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Stop Blaming Your Agency; It May Be You.

Frustrated with the creative your agency is delivering? Pitches seem flat, completely off the mark, or resemble recycled concepts? Before you blame your agency, it might be you.

For an agency to provide effective creative solutions, it is essential for the client to provide strategic insight into the project, and your business. This includes the objective, target audience, the competitive landscape, history, and your brand guardrails. It's not good enough to write a quick brief, check a few boxes, and expect brilliance.

Your agencies should be positioned as a creative extension of your team; they are your partners, treat them as such. While it may be their pleasure, to a point, to jump through hoops and pull occasional all-nighters for that "killer concept"; it starts with the client and the process requires a two-way dialogue.

Agencies will only be as good as YOU make them. Help them help you.

As the client, ask yourself these 5 basic questions:

1. Do you know what business challenge(s) you are trying to solve? Now ask yourself if your agency is clear from the communication or written brief you provided. Your agencies are not researchers or mind readers; and they do not live the daily business challenges or political nuances of your world. Provide appropriate insight, background, color and texture.

2. Do you know your CURRENT brand? Pillars, promises, distinctions? It is vitally important to know who you ARE; and arguably just as critical to understand who you ARE NOT. Be honest with your agency and realistic with yourself about who you are today; not who you were back in the day; or who/what you wish you could be (unless it is a re-brand assignment). Don't be annoyed or offended when they break apart sacred assets; or speak in a tone that is completely off brand if you haven't provided the brand guardrails.

3. Are you realistic with an appropriate timeline, budget and resources? If you are asking agencies to quickly pitch for free; you may have to re-adjust your expectations, and put your imagination to work on presentation day. Pitching is costly and requires significant time, money, and bodies; be open-minded to a pitch fee.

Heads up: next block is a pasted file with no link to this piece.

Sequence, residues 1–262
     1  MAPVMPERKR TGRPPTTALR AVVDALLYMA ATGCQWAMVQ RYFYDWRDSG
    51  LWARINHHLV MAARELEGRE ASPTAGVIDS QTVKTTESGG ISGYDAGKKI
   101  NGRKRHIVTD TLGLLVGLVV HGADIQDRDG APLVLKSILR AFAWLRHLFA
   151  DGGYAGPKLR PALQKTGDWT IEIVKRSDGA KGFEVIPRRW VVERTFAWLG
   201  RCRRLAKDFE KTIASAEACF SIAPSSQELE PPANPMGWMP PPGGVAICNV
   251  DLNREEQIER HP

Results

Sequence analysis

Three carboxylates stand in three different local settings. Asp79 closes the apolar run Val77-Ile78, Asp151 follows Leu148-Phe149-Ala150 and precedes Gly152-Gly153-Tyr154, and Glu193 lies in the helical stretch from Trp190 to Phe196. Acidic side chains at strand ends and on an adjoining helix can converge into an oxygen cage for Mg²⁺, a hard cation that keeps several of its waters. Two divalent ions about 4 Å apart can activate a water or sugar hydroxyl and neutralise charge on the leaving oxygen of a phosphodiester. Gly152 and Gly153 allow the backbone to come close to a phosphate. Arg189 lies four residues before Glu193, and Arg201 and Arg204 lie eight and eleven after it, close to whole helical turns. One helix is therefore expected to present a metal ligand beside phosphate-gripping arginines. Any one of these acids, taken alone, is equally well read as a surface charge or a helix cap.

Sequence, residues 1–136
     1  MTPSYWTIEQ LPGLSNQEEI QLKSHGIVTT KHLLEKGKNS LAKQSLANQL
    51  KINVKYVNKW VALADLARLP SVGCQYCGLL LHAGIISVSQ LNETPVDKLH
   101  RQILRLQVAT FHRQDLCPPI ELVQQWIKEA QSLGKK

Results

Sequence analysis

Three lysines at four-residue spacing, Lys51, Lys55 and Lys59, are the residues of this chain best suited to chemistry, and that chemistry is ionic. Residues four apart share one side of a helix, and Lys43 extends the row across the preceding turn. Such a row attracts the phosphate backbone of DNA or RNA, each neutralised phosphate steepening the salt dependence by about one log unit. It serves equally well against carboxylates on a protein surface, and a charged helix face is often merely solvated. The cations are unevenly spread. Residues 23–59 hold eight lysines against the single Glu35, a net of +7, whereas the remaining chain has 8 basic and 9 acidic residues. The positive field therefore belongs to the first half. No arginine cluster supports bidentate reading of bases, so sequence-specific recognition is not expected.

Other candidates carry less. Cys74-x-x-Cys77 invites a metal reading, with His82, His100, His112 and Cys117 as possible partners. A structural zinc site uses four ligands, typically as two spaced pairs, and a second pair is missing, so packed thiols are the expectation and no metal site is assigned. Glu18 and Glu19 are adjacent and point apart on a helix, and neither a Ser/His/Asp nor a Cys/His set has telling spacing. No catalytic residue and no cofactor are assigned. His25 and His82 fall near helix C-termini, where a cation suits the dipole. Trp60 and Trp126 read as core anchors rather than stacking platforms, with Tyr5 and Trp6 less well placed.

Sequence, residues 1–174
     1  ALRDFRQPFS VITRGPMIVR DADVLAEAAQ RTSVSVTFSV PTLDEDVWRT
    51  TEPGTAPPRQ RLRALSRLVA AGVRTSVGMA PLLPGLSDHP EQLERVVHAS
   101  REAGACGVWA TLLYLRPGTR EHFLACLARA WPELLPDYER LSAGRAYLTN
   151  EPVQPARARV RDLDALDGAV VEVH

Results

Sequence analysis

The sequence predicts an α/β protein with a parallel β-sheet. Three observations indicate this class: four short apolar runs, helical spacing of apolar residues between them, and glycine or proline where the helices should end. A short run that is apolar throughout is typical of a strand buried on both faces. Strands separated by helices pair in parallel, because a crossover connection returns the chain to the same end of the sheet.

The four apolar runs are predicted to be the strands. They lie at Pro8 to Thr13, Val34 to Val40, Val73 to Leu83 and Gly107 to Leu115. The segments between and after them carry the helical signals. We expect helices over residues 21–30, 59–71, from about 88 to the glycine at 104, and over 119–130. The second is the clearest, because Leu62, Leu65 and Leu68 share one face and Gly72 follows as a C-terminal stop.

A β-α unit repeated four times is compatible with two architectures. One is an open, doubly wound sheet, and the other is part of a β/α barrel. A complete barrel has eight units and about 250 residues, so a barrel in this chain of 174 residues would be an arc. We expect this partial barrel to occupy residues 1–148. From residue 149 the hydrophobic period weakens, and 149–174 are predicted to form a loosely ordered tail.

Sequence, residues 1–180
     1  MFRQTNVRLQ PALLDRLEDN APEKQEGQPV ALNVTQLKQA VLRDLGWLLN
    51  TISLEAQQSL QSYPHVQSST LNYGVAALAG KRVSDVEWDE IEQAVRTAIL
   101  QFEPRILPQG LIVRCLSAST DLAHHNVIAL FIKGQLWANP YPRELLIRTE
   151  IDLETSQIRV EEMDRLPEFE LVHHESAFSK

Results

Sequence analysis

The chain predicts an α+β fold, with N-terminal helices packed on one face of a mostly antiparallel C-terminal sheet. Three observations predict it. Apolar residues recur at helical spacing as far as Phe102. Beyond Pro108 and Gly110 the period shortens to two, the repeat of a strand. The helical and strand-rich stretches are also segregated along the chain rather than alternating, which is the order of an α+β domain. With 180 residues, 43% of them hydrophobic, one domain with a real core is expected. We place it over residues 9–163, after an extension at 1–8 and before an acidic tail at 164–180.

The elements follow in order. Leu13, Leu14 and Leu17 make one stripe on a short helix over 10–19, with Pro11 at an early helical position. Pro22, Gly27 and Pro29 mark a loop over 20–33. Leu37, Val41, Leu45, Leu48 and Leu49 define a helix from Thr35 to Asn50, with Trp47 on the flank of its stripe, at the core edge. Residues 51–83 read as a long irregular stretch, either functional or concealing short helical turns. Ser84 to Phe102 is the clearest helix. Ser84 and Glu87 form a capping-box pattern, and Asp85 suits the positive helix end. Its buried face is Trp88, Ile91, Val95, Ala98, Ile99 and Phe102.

4. Are you accessible? You must provide an opportunity for follow up communication and questions. Some creatives don't ask the right questions; and some WON'T ask the right questions. Perhaps they want to be respectful of your time; maybe they need more information from your brief and asking within a larger forum may embarrass you; maybe they are fearful of losing the account; or it may boil down to personal style and they prefer to marinate the creative process.

Regardless, as the client, you must make yourself available to field any follow up questions, take calls, visit their "war rooms, or simply respond timely to an email. If not, expect your agency to do gather information themselves. And don't be surprised if they lift your tone from one of the many social media platforms you currently have your intern managing.

Remember, it is a partnership. Lob in a call and create an open forum for communication.

5. Are they the RIGHT agency for the assignment? Yes, it's easy to be fall in love with the hot shop; but are they the right hot shop for you? Does their area of expertise compliment your business? Are they flexible and open to client feedback; or will they be precious about making creative revisions? Remember, this is a relationship. If you answered "no" to the questions above, chances are, it's probably not a good fit.

If after all of the collaboration, stellar communication, solid direction, inward navel gazing, and pitch fees paid; you still get weak creative? Don't apologize. Don't settle for mediocrity. Look for a better agency.

Lorey Zlotnick is an award-winning brand marketing veteran, speaker, and start-up launch specialist. As the SVP of Marketing, she has strategically launched, built, and managed global iconic sports, media, and tech brands for the NFL, Disney, SONY, eCompanies, and NewsCorp.

Zlotnick is currently the CMO + Brand Architect of Zequity Marketing where she guides companies, start-ups, and agencies through all phases of strategic branding and culture.


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